I am living in California. I am currently on a joint lease of a house for a little more than two years. The lease is on a monthly basis (used to be a one-year lease but continued as month-to-month).

The lease is $5000/mo and the total security deposit is $5000/mo (both tenants paid $2500 each)

I am moving out soon and want to give my 30-day notice. My roommate wants to stay and find another roommate. I want to get my security deposit back. However, the apartment has some damage.

However, the landlord says that I will not get my security deposit from him. I should arrange with whoever might move in to replace me. That is fine, but the landlord is refusing to conduct an initial inspection. He is also refusing that I get the things fixed myself.

I want to know my legal rights (with source).

  • Who, in this case, is liable to pay me my portion of the security deposit? My fellow roommate, the one who (might) move in or the landlord?
  • Can a landlord refuse a final inspection when one party on the lease leaves?

1 Answer 1


You say that you have a joint lease. This means that you and your roommate are jointly (together) and severally (individually) responsible for fulfilling the terms of the lease. From the landlord's position there is only one tenant - both of you together constitute the tenant.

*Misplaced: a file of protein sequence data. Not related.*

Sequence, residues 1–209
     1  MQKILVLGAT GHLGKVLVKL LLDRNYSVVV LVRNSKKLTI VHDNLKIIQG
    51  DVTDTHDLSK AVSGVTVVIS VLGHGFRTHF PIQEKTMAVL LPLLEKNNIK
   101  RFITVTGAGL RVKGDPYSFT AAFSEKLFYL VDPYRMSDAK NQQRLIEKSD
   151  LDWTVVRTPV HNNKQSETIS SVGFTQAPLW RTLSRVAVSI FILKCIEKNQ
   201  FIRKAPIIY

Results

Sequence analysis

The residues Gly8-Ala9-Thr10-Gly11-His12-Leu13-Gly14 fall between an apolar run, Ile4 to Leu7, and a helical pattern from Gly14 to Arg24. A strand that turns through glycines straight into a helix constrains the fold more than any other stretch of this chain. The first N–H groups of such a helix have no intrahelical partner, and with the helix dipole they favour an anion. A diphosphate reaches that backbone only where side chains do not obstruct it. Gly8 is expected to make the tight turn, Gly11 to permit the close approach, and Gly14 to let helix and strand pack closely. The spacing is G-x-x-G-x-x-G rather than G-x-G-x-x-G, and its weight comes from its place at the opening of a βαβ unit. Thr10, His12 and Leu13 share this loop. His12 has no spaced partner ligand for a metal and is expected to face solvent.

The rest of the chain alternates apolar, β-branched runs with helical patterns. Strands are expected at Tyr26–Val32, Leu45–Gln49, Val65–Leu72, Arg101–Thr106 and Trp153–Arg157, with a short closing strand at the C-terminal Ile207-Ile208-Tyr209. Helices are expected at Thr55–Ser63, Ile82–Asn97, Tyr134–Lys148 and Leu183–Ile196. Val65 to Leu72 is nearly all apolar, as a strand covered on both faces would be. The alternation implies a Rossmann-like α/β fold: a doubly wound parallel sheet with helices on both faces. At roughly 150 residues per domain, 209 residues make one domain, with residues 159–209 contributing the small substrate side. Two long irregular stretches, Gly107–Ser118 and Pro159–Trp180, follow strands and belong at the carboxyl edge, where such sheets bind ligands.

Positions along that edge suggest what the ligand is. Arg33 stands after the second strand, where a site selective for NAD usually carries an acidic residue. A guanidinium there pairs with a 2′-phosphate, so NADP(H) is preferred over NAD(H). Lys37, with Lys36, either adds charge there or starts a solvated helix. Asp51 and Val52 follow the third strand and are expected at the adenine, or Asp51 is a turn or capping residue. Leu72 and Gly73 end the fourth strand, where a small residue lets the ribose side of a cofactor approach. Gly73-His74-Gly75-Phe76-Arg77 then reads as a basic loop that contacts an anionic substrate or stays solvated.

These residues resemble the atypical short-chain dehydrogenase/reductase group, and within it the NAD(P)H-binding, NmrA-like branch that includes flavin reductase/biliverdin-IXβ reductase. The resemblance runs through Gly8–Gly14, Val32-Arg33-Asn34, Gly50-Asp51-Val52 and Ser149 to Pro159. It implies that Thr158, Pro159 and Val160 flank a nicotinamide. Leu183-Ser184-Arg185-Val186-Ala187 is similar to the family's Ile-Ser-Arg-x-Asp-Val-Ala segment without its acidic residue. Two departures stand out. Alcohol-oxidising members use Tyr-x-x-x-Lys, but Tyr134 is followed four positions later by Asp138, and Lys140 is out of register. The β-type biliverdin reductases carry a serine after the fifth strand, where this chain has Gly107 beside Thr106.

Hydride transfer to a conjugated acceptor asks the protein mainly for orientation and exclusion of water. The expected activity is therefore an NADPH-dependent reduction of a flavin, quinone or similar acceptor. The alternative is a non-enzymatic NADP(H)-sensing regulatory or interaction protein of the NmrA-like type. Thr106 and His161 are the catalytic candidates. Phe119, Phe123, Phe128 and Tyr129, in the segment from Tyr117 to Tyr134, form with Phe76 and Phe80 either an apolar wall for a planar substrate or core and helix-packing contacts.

If you want to change this so that the tenant from date X is your roommate and someone else you have 2 options:

  1. Jointly give notice, ending the current lease and triggering the return of the deposit. Your roommate and your replacement are then free to negotiate a new lease with its own deposit. The landlord would conduct a final inspection on your lease and an initial inspection on the new lease.
  2. With the landlord's permission, substitute the new person for you on the existing lease. This does not end the lease and does not trigger the return of the deposit. The landlord is not obliged to do anything. You can negotiate whatever deal you like about the security deposit with whoever you like.
  • Thanks! I think we will go for option 2. The landlord has verbally agreed to release me from liability after my move-out (with two witnesses). Would you recommend to put that in writing? Anything you can recommend that should be in there? Would an assignment make sense?
    – mitchkman
    Commented Feb 13, 2018 at 20:38
  • @mitchkman I’m not a lawyer - I can’t give you legal advice
    – Dale M
    Commented Feb 13, 2018 at 21:47

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